Author(s): DeMattei R, Cuvo A, Maurizio S
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Abstract PURPOSE: The study assessed the oral health status of children with an autism spectrum disorder (ASD) to help establish the oral health needs of this population. METHODS: Oral assessments were conducted on 39 children with an ASD and 16 children with other developmental disabilities (DD), solicited from 3 different schools. Conditions assessed were bacterial plaque, gingivitis, dental caries, restorations, bruxism, delayed eruption/missing teeth, oral infection, developmental anomalies, injuries, occlusion, salivary flow, and oral defensiveness. RESULTS: Chi-square and Fisher's exact test of significance were used to compare groups. Young children with an ASD who resided with parents showed significantly more signs of bruxism than the comparison groups. Likewise, older children who lived at the residential school manifested significantly more gingivitis. No other significant differences existed when age and residence were considered for children with an ASD. When comparing children with ASD to those with another DD, the latter group showed significantly more oral injuries, abnormal salivary flow, and developmental anomalies. Children with an ASD displayed the following percentages for clinically visible conditions: plaque (85\%), gingivitis (62\%), and caries (21\%). Approximately half of the children with ASD were orally defensive. CONCLUSIONS: Children with an ASD appear to have oral conditions that might increase the risk of developing dental disease. The extent of risk is unclear and needs further investigation.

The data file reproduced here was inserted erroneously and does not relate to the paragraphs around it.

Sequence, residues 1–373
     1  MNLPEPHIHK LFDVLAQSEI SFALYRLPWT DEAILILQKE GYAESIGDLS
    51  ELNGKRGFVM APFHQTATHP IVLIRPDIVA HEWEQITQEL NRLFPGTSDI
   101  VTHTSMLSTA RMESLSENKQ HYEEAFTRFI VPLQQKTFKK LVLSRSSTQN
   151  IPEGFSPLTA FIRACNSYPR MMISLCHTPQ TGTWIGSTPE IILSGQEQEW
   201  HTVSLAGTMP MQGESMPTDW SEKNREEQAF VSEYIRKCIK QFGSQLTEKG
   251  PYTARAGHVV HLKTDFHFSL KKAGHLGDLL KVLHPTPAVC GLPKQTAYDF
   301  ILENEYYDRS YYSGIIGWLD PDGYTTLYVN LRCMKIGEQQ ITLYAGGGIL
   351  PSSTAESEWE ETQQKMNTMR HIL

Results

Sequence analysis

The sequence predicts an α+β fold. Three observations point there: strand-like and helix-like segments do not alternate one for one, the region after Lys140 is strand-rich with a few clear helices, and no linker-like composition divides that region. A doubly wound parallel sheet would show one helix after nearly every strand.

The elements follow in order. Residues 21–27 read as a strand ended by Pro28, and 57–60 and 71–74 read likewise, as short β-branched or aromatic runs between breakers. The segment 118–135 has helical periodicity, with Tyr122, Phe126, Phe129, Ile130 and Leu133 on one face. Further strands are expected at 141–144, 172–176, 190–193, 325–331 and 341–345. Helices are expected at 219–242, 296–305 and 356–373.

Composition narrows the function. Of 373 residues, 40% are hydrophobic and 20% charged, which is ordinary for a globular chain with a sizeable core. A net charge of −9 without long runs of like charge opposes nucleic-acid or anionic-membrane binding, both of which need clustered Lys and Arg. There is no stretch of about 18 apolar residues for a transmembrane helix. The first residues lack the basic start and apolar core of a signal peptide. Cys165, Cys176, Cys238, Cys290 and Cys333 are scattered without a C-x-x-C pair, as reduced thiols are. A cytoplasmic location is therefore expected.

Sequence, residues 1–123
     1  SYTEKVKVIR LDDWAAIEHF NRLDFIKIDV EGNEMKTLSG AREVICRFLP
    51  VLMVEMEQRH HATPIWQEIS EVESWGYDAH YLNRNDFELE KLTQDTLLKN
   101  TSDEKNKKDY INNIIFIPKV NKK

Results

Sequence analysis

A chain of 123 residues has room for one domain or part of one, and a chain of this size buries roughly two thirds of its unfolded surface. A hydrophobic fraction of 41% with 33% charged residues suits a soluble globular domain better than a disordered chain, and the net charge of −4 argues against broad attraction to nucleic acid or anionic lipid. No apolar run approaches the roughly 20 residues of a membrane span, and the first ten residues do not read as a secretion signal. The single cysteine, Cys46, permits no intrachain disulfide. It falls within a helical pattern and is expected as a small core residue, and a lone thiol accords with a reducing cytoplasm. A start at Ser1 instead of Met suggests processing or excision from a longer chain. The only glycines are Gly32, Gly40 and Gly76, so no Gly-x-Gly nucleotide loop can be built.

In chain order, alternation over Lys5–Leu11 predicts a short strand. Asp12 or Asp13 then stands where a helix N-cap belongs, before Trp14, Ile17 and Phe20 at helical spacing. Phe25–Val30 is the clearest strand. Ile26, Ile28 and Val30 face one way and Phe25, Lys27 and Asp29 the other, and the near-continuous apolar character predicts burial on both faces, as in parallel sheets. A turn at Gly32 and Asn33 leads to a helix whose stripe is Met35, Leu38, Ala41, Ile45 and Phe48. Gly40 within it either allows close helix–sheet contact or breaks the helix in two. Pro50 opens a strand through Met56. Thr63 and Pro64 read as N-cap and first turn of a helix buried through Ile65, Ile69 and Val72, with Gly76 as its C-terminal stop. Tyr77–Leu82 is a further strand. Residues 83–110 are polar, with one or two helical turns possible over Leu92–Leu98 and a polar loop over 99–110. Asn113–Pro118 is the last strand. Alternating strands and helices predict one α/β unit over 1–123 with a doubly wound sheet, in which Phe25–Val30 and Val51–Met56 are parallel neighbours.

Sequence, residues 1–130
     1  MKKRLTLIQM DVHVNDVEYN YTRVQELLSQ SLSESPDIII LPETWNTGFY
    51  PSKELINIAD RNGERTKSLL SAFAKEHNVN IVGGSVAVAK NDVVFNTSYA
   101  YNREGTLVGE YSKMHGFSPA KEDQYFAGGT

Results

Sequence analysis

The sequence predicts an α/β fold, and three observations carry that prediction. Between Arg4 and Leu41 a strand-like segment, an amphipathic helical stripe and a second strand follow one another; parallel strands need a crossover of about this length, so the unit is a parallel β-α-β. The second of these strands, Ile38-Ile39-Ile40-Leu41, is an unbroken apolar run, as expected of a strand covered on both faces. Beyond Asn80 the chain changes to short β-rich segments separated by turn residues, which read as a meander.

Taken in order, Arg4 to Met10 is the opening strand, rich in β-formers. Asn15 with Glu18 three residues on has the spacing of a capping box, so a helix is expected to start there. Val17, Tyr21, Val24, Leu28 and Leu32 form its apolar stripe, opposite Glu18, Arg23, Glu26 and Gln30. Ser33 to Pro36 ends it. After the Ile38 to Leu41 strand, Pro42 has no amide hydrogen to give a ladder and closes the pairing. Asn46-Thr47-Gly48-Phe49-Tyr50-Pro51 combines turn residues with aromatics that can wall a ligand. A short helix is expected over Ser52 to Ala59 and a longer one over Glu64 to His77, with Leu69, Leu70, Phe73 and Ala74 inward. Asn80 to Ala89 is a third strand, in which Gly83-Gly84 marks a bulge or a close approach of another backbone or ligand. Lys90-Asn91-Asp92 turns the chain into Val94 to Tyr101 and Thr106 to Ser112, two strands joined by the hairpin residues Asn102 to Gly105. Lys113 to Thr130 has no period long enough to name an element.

This article was published in J Dent Hyg
and referenced in Autism-Open Access